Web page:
OHSU

Sonal Das, PhD, 2005

In 2009, Sonal Das took a job that requires a particular skill that suits her perfectly: networking. As an Associate Director on the 16-person Research Programs team at The Michael J. Fox Foundation for Parkinson’s Research in New York, she helps direct the Foundation’s funding and research programs. Then, she stays in close contact with academic and industry scientists who carry out the research, which seeks to speed progress toward better treatments for Parkinson’s disease (PD). Das helps awardees troubleshoot projects that have hit a snag or brainstorm new directions around unexpected findings. She also helps foster key collaborations and schedules workshops among researchers, whether they’re new to PD research or experts in the field. “The Foundation has a birds-eye’s view of the field, so one of our major roles is to strategically link up related efforts.”

After completing her graduate work with Gary Banker in 2005, Das suspected that her career might not be in research at the bench. “I really enjoyed the bench, and my interactions with my advisor and fellow lab members helped me develop my critical thinking skills. But I wasn’t sure it was the right place for me.” A three-year post-doctoral position at the University of Washington confirmed her intuition. But she reports that the postdoc experience was key not only in building on her scientific training and networking skills, but also in helping her come to terms with exploring an “alternative” career path.

During her postdoc, she sat down and re-evaluated her skill set. Regardless of when you do it, she advises, “everyone should take a step back at some point and say, ‘Where am I now? Where do I want to go?’” Shortly before taking the position at the Foundation, an OHSU advisor asked her, what do you want to do—write? Read? Talk? “That was a great question; it gets to the nuts and bolts of your day,” she says. Ultimately, Das feels that her decision to work outside the lab freed her to “think about the problem I’m working on,” rather than worrying about things like the pH of a buffer. “This position is a better fit for me, because it allows me to apply my scientific background and think about the big picture without having to angst about the details of a particular experiment.”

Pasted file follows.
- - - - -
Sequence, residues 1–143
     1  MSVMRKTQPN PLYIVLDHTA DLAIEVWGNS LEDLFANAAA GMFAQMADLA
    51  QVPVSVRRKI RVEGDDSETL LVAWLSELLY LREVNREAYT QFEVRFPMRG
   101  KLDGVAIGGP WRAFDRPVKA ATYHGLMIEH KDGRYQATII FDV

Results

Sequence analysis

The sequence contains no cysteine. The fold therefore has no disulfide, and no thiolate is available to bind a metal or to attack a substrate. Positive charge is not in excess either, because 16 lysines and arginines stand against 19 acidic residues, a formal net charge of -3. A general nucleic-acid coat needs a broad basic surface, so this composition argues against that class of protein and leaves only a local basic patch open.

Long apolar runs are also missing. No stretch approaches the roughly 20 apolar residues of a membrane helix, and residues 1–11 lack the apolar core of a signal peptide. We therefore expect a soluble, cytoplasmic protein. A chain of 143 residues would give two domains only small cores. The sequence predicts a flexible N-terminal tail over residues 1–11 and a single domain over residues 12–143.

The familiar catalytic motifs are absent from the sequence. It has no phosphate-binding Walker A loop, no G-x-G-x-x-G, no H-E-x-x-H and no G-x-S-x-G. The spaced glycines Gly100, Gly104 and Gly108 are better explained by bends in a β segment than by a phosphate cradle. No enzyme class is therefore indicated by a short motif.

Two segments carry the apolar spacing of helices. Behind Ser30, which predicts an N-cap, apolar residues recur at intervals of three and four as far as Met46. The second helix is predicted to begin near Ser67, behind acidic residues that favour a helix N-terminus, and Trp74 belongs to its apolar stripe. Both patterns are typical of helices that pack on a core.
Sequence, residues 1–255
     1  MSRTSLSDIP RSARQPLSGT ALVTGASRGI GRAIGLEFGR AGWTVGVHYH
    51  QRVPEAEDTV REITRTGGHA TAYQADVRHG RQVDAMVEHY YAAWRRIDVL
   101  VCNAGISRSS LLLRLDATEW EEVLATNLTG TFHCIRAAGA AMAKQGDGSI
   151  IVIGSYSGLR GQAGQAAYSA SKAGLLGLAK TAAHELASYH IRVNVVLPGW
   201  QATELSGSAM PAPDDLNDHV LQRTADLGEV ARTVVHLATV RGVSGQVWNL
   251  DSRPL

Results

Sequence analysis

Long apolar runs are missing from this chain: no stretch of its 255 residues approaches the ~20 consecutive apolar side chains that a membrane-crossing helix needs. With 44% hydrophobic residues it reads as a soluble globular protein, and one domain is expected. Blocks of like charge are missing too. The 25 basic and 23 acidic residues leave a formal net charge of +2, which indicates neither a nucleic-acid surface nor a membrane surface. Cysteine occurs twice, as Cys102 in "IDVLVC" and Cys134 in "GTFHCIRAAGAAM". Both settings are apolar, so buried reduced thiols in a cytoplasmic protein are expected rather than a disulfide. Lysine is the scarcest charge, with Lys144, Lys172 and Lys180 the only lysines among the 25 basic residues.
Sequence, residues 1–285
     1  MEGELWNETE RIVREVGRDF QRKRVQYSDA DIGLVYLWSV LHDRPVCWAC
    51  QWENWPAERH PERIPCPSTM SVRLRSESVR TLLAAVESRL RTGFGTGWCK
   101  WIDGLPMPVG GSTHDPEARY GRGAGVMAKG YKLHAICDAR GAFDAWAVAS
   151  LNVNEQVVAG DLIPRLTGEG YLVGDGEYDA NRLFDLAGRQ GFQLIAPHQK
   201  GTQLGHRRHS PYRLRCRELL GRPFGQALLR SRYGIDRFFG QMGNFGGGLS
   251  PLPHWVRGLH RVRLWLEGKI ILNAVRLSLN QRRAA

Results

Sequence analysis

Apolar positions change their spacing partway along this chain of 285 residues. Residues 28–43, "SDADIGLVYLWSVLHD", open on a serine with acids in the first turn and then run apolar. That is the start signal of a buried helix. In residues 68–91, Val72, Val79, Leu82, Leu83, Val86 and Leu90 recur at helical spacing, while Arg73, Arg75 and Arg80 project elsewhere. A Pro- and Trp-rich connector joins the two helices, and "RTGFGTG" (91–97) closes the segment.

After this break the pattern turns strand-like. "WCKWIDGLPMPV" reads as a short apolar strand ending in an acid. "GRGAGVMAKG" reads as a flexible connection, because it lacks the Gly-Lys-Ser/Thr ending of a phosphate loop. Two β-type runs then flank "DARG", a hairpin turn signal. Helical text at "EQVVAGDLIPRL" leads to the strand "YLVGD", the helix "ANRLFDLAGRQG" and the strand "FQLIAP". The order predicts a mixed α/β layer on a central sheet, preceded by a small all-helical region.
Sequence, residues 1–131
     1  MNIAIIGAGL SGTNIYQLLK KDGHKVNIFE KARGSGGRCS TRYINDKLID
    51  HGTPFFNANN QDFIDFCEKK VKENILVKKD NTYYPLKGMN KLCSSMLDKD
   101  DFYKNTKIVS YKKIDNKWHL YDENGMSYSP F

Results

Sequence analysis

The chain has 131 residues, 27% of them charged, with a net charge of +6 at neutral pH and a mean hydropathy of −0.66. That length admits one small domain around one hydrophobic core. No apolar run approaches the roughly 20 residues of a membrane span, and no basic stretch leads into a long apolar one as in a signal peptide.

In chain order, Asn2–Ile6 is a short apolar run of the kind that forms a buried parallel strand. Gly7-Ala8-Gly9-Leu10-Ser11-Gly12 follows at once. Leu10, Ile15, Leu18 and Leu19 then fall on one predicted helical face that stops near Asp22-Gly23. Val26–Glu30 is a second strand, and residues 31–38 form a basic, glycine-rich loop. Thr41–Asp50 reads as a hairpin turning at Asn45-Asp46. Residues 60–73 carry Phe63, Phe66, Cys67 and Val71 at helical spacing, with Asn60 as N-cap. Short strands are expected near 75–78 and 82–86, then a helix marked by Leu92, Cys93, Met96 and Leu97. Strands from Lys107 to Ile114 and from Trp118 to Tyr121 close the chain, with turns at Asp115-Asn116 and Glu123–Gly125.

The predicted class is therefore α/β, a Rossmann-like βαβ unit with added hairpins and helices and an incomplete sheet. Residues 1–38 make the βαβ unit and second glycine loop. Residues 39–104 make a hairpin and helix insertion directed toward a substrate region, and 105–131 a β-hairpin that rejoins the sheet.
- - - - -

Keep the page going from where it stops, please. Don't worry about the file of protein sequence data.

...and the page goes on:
An East Coast native, Das is happy back in the hustle and bustle of New York, but admits she misses the slower pace of the Northwest a little bit. “I miss the greenery,” she says, remembering the “gorgeous” drive to campus each day along Terwilliger Boulevard. She also shared a special camaraderie with her classmates in the NGP. “We would work late together,” she recalls, which might include a trip down to Higgins for a bite at the bar during a long incubation period. “Everyone would push each other, in a good way.” Das and her classmates pursued research projects in diverse areas of neuroscience, from biophysical modeling to control of postural orientation. But they still made time to meet and consult with one another throughout graduate school. That diversity of research, she notes, was one of the great strengths of the NGP. “There were so many faculty members, in every imaginable area from molecular neurobiology to physiology.” Members of the entering class of 1997 remain in close contact today.